Meaning that even if we can predict something reliably, as is the case with the plant’s orbit, we can only do so for a restricted amount of time.  Essentially, they mean that even with eternal natural laws determining how the world moves, there is room for free will because on a long enough time line even these concrete observations will be unpredictable, according to Lerner.

    Haselhurst continues by using a thought experiment where he uses a set of regular playing cards to illustrate his point.  He places the Ace of Hearts on top of the deck. He has a pre-determined knowledge of the card. So he has complete knowledge of the system (because he knows there are 52 cards of certain variations) and there is no chance involved.  He claims that at this point “the system is both necessarily connected and pre-determined.” (Haselhurst)
He then gives the stack of cards to someone else who has no knowledge that the Ace of Hearts is the next card. 

“So while they are still necessarily connected to the top card (Ace of Hearts) they do not have pre-determined knowledge of this card, thus if I ask them to tell me which card is on top of the pack they only have a one in fifty two chance of guessing correctly. Thus we see how chance exists when we do not have pre-determined knowledge (even though we are still necessarily connected).” (Haselhurst)

    From this; we can apply this the mind and body.  When we are ‘necessarily connected’ to matter we can never have knowledge that is determined beforehand concerning the motion of anything really.  Which would explain how free will can exist, albeit in a limited fashion, in a deterministic universe.

    As long as we don’t gain knowledge of a pre-determined case (such as the Ace of Hearts above) before the actual event: then we can assume that our choice was free.  In my opinion, it sounds like he’s saying that as long as we don’t know we’re not free – we’re free.  Implying that the person choosing the card was actually free to choose whatever card he wanted, until he learned that the next card was, in fact, the Ace of Hearts. 

    All of this makes me believe that Haselhurst is just saying the same thing as Schopenhauer.  In Schopenhauer’s picture, we have the illusion of free will by our consciousness’ ignorance of the fact everything is already determined by immutable laws.  Similarly Haselhurst shows that we have “limited free will” due to a lack of prior knowledge of pre-determined events.  From my research it seems not many people have criticized Haselhurst’s theory.  Sharing this commonality with Schopenhauer is by no means bad in of itself.  The reason it is bad is because they conclude virtually opposite conclusions from their pictures.  Haselhurst, basically, concludes that we can have morality and that we have free will.  While Schopenhauer concludes that life is an absurd, random, and painful existence that starts with birth and ends with death.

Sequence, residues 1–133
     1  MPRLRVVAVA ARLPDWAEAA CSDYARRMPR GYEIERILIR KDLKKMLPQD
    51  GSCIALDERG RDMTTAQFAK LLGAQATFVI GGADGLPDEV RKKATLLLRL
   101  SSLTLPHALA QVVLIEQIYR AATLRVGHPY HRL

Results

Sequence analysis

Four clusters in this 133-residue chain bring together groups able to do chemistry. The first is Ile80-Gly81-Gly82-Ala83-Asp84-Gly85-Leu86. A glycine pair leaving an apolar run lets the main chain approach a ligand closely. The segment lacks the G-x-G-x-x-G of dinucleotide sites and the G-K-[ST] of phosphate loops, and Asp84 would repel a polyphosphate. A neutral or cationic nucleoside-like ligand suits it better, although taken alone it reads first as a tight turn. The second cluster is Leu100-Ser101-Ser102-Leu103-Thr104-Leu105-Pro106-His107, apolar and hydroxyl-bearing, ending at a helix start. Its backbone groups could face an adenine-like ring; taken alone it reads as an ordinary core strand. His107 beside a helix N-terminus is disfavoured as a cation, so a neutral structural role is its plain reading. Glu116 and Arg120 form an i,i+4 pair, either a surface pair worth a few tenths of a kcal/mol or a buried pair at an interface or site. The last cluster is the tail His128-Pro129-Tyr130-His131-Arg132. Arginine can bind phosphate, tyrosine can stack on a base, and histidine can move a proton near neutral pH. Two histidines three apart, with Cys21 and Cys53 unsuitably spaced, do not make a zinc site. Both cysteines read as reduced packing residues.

While I don’t have an objective reason as to which theory is right: I can give you my opinion.  Schopenhauer has more sources so I believe his argument over Haselhurst.  I had planned on giving a detailed explanation as to why one was right over the other: but have since given up hope due to my pragmatic stance of explanations.  It is my earnest hope that one day I’ll be able to provide a truly unique theory as Haselhurst tried.  I chose Haselhurst as the main focus of this paper because he is a virtually unknown “philosopher” with a good amount of work available (and was easy to read).  I would recommend his work to many because his writing style is very informal although some of his statements require fact-checks. (Maggio)

Sources Cited 

“Arthur Schopenhauer.” Stanford Encyclopedia of Philosophy 17 Nov 2007. 1 Apr 2009 .

“Causal Determinism.” Stanford Encyclopedia of Philosophy 23 Jan 2003. 25 Mar 2009 .

Haselhurst, Geoff. “Deducing Most Simple Science Theory of Reality.” On Truth & Reality. 4 Apr 2009 .

Haselhurst, Geoff. “WSM Explains Limited Free Will over Determinism.” On Truth & Reality. 3 Apr 2009 .


Maggio. “User Response via Post.” .

Originally made April 29th, 2009.